• Choose not to dispute the charges and ask for an Informal Hearing in front of the Commission in an effort to resolve the charges brought against you.
  • Dispute the charges and allegations against you and request a Formal Hearing before the Florida Division of Administrative Hearings which is presided over by an Administrative Law Judge.

Informal Hearing Process

Your attorney and you have the option to address a minor infraction through an Informal Hearing. In this, the Commission will hear your case and make a decision on what sanctions or penalties to impose if any. They may issue:

  • A Notice of Noncompliance – a warning for a small violation that you have to correct or address within 15 days.
  • A Letter of Reprimand – which will be placed in your file with the Commission and describes the incidence of misconduct and that it resulted in no disciplinary action.
  • A Citation – some violations will result in a fine that can range from $100 – $1000 depending on their severity.
  • A Notice of Probation – this would allow you to continue practicing while imposing conditions and instructions to be followed under the guidance of the FREC.
Real Estate Complaint Process
FREC Complaint Process

The Formal Hearing

Formal Hearings occur if they are requested by the licensee, or if the matter could not be addressed by the Informal Hearing. If you are disputing the allegations made against you, then a Formal Hearing is the best option to move forward.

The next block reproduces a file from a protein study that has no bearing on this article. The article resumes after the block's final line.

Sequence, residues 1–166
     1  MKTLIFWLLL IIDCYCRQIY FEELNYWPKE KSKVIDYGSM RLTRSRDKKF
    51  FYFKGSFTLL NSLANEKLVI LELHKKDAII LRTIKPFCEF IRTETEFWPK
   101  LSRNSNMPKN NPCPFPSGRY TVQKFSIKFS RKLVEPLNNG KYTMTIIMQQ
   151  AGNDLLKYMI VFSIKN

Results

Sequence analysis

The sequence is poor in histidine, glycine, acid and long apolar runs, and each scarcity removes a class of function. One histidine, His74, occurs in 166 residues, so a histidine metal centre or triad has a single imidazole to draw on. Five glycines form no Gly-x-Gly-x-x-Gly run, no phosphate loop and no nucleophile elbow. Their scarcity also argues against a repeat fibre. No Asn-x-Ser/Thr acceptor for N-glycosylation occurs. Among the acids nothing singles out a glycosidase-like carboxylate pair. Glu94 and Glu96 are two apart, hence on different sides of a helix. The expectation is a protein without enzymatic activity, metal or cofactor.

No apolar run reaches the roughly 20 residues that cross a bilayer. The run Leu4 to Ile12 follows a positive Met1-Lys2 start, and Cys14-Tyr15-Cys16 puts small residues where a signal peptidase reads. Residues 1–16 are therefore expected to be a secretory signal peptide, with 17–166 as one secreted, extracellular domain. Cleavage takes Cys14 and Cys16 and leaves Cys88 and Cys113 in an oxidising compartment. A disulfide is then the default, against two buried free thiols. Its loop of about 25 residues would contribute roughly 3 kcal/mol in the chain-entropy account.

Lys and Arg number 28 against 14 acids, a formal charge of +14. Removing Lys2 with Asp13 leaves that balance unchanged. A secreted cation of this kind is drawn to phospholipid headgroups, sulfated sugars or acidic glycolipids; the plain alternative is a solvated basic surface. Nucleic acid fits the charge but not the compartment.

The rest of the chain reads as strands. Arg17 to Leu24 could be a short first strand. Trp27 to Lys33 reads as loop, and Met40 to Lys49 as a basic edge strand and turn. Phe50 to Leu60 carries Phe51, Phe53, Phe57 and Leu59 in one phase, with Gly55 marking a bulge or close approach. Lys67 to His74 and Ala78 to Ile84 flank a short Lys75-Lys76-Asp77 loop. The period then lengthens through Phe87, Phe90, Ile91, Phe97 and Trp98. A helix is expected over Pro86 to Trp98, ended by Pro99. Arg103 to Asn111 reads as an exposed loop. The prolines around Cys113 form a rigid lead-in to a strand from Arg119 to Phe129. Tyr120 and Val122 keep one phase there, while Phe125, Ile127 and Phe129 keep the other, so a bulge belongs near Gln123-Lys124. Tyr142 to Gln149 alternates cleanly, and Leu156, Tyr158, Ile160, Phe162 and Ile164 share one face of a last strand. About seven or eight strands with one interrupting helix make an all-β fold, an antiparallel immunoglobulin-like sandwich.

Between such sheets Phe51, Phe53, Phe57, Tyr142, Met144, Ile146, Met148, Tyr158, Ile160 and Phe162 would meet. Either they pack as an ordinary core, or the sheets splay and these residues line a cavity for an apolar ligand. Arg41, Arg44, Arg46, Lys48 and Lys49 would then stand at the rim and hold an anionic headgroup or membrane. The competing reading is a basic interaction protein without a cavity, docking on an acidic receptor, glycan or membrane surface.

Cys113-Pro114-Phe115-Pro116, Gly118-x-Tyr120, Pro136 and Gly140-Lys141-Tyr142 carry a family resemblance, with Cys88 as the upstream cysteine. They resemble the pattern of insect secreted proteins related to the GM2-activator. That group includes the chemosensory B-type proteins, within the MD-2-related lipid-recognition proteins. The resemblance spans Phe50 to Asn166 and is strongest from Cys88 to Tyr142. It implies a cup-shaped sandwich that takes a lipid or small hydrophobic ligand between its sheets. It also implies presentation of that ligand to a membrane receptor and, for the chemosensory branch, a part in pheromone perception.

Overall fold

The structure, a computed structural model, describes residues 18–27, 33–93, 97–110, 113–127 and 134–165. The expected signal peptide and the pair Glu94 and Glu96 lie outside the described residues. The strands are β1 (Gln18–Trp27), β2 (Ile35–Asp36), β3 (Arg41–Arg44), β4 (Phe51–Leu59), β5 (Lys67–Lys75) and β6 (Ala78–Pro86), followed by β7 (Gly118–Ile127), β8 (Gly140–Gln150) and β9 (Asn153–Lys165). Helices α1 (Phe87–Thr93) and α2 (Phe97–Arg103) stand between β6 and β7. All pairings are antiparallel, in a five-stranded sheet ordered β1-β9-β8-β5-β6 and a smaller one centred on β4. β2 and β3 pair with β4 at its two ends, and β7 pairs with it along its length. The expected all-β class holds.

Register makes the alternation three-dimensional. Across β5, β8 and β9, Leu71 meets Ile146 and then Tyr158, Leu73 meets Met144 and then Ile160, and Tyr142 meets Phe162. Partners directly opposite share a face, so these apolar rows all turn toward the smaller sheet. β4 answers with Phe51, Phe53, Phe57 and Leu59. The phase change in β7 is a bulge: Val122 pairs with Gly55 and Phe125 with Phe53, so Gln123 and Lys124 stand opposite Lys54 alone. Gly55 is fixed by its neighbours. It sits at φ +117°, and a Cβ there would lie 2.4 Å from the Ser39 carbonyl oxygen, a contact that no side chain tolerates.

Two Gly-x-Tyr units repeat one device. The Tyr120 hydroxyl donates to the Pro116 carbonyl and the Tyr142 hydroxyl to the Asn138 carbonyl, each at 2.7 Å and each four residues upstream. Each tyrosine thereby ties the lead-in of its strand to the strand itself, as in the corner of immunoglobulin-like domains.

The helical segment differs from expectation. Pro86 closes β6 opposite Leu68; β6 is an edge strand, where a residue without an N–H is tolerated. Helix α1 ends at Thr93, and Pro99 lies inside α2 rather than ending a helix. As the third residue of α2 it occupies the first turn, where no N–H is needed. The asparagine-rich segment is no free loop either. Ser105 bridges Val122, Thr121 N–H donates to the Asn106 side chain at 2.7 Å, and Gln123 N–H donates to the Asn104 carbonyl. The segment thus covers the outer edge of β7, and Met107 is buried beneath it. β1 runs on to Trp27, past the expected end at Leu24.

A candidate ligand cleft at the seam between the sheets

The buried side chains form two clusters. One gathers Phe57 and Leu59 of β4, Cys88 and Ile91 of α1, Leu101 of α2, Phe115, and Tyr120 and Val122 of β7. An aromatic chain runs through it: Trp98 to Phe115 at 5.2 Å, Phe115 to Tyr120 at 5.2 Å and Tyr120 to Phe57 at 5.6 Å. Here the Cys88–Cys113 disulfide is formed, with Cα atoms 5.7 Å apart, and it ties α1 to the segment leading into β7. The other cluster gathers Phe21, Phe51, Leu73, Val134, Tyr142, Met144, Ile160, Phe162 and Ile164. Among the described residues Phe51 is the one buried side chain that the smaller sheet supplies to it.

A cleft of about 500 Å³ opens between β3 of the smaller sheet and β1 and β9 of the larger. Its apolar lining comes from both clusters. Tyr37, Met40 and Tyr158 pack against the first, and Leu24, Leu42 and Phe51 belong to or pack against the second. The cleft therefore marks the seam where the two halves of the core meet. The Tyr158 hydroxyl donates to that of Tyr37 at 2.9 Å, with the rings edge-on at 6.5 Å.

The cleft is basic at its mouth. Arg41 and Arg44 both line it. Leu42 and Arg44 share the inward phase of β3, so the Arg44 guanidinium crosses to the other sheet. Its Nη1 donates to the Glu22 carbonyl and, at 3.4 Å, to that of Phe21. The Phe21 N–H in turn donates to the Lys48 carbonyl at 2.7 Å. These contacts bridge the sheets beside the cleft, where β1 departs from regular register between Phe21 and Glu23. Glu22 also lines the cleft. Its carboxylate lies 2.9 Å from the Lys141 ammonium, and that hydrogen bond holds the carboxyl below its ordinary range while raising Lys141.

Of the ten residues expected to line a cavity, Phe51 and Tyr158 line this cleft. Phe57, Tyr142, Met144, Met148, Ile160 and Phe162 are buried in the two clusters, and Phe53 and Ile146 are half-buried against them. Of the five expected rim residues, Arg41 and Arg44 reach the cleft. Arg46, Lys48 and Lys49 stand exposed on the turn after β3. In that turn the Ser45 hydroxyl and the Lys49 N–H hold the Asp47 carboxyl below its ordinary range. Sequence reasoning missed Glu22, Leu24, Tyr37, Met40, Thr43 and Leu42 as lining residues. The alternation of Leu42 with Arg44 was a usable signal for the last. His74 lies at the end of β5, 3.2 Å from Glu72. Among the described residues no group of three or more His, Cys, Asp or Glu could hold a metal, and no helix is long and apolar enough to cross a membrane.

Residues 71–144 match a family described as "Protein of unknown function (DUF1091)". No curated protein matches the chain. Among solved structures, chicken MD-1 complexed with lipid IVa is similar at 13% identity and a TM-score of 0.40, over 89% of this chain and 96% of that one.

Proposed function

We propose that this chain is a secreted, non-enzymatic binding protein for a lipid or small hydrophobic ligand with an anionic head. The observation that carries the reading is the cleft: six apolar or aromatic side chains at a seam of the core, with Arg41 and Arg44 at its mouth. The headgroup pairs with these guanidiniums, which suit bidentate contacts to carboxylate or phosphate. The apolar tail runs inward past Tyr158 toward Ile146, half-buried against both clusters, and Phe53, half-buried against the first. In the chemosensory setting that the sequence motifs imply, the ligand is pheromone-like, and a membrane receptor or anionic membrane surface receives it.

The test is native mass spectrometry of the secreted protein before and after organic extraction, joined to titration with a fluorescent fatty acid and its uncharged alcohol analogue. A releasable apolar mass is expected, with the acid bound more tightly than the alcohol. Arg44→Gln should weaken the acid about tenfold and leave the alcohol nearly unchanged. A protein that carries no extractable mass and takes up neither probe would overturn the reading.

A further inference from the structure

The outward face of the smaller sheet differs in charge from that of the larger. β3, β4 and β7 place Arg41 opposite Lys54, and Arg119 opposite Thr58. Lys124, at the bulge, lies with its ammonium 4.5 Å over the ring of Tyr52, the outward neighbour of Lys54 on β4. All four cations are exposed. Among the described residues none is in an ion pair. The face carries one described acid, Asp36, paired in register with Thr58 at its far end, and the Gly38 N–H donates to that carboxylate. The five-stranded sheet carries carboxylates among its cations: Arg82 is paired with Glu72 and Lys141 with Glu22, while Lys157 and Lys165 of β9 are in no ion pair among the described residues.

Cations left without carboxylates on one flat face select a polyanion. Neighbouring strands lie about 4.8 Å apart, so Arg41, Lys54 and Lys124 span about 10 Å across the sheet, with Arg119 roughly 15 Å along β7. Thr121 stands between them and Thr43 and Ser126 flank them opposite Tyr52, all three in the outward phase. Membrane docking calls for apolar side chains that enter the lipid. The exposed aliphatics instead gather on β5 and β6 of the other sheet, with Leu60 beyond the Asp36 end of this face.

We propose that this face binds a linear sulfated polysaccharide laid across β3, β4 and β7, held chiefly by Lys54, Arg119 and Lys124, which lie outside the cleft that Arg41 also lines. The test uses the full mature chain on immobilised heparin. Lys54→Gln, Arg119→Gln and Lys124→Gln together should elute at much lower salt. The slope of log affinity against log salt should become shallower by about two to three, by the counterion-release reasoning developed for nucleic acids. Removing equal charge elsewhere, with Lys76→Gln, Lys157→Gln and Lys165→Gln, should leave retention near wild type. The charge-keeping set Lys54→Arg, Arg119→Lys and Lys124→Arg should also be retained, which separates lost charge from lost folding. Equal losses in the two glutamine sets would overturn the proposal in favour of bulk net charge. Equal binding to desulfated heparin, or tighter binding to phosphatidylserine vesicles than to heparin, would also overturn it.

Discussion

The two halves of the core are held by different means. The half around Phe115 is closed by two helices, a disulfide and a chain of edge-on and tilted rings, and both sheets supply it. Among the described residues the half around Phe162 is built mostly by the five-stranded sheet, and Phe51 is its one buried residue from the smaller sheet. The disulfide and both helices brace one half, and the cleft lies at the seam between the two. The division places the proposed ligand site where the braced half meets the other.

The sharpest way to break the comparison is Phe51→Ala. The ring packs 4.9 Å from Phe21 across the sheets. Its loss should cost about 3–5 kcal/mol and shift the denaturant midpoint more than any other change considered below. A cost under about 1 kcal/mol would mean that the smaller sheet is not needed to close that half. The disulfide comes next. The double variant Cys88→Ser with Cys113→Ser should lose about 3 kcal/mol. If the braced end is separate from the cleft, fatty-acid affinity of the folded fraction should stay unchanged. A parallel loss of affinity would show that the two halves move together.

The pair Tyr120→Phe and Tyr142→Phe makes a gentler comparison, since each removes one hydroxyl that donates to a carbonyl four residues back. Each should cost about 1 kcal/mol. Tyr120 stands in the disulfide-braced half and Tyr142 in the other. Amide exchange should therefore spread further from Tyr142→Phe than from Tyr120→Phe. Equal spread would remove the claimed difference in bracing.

A Formal Hearing follows a similar process to that of a typical court case. Each party presents the facts, evidence, and witnesses they have gathered to an Administrative Law Judge. That Judge will then issue their ruling in the form of a Conclusive Order. If the agent or broker is found to have violated the law, this Order will recommend penalties to be assessed. It will also be forwarded to the DBPR.

The Final Order

If they choose to do so, the FREC may, on the recommendation of the Judge’s Conclusive Order, issue a Final Order. They may also choose to accept, modify, or reject the Judge’s order as they see fit.

From here they may choose to assess any of the following penalties:

  • License Suspension – they may choose to suspend your real estate license for as long as 10 years if it is deemed the best course of action.